Skip to main content
Pilot Study of Compassion Meditation Training to Improve Well-being Among Older Adults.
Published Web Locationhttps://doi.org/10.1080/07317115.2020.1839826
ObjectivesCompassion meditation (CM) training has demonstrated potential in improving well-being and psychosocial functioning. However, most prior studies of CM training have focused on younger adults. The generalizability of the effectiveness of CM training with older adults requires further study. This pilot study was intended to inform future randomized controlled studies of CM training in older adults.
MethodsParticipants included 24 older adults who attended a 10-week group CM training. Exploratory outcome measures were administered prior to, during, and after the intervention. Participants also completed logs of mood and meditation practice, and provided descriptive comments in response to open-ended questions administered at the end of treatment.
ResultsHigh treatment completion rates (87.5%) and reported adherence (85.7% of assigned meditation) were observed. Descriptive feedback from participants indicated older adults are interested in and capable of learning and applying new concepts and skills in support of their well-being. Pre- to post-intervention changes were explored with a variety of self-report measures. Weekly journals suggested increased feelings of love, closeness, or trust, and decreased feelings of stress, nervousness, or being overwhelmed.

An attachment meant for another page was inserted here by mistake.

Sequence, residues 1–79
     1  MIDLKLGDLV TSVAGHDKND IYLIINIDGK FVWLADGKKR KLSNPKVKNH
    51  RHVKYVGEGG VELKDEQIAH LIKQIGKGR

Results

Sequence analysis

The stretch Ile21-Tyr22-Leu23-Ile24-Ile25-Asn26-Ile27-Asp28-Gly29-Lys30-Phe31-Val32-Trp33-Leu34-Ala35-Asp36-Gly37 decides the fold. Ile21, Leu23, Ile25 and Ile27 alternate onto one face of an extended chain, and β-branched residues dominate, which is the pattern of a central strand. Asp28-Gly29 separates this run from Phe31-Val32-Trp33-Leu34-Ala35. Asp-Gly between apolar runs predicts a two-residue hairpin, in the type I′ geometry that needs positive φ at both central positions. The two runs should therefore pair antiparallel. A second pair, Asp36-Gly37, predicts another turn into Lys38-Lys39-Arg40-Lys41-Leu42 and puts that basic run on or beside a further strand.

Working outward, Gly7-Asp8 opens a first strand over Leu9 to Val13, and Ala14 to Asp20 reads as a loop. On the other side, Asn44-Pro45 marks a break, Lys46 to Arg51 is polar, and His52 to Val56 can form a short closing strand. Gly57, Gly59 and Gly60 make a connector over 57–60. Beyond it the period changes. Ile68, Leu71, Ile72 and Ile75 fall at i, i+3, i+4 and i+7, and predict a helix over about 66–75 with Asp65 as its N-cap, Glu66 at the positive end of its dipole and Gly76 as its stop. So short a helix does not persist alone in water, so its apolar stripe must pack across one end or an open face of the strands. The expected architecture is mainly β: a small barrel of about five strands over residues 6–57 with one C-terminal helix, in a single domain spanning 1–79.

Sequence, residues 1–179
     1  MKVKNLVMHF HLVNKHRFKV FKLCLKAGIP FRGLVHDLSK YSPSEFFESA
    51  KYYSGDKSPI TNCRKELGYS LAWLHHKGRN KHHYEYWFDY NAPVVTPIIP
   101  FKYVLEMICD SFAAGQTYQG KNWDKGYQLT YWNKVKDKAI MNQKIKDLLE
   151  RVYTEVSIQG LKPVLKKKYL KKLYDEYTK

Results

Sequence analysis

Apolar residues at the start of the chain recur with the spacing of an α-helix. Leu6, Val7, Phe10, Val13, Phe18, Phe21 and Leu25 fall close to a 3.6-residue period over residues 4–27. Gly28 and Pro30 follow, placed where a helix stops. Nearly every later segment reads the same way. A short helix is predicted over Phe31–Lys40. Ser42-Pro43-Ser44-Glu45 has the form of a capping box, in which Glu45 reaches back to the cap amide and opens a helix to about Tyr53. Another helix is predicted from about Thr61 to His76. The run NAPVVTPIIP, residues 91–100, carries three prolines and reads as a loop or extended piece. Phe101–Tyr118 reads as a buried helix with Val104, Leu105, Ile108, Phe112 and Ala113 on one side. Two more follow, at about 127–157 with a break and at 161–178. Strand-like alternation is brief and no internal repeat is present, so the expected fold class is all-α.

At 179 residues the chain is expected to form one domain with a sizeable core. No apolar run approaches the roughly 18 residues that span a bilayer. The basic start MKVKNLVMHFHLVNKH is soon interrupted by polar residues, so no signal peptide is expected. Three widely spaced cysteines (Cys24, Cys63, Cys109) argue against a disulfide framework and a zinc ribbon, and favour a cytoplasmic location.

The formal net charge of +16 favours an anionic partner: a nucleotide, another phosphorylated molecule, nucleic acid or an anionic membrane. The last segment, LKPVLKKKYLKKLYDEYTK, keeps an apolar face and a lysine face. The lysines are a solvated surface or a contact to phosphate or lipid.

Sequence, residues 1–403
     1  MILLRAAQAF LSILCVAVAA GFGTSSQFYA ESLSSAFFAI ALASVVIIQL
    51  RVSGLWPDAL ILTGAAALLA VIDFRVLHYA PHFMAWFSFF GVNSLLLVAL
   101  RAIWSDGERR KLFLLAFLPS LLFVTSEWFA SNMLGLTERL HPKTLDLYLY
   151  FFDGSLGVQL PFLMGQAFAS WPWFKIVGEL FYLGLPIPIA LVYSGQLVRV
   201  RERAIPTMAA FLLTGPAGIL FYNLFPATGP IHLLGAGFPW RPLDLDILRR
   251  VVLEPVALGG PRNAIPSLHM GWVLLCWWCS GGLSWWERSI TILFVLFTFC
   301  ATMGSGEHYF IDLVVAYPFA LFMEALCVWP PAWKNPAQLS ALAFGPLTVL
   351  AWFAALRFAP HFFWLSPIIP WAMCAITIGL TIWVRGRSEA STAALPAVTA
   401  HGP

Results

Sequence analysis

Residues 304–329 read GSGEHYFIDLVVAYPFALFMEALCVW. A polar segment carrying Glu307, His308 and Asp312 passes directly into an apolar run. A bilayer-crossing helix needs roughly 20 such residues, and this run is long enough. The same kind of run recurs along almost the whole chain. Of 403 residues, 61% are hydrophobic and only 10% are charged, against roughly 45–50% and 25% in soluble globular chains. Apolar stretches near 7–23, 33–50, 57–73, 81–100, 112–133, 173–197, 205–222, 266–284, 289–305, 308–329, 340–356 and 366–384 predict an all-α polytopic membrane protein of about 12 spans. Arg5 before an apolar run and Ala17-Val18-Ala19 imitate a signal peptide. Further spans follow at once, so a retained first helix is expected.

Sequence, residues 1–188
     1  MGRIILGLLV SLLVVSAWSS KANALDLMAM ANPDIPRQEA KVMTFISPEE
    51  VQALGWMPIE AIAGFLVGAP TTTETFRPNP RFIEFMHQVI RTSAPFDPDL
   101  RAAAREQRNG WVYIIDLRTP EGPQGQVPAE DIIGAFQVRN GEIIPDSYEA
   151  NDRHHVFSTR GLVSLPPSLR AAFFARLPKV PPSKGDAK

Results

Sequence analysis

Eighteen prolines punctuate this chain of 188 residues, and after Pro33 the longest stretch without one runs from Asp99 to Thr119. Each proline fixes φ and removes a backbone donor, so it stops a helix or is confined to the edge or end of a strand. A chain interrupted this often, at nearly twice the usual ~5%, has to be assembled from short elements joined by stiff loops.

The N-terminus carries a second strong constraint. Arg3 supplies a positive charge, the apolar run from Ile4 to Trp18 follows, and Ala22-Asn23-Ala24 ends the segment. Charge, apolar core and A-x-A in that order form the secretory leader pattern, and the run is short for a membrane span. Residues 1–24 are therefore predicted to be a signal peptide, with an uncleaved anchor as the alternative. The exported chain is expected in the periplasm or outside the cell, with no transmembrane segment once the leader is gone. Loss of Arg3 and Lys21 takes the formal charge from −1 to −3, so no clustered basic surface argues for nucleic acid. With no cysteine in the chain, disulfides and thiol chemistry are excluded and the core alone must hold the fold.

ConclusionsThese findings provide preliminary support for the feasibility of CM training in community-dwelling older adults, and suggest the need for future efficacy and effectiveness clinical trials.
Clinical implicationsCM training offers potential benefits for improving well-being among older adults, and, as an example of a strengths-based approach, can be tailored to the specific needs of older adults.
For improved accessibility of PDF content, download the file to your device.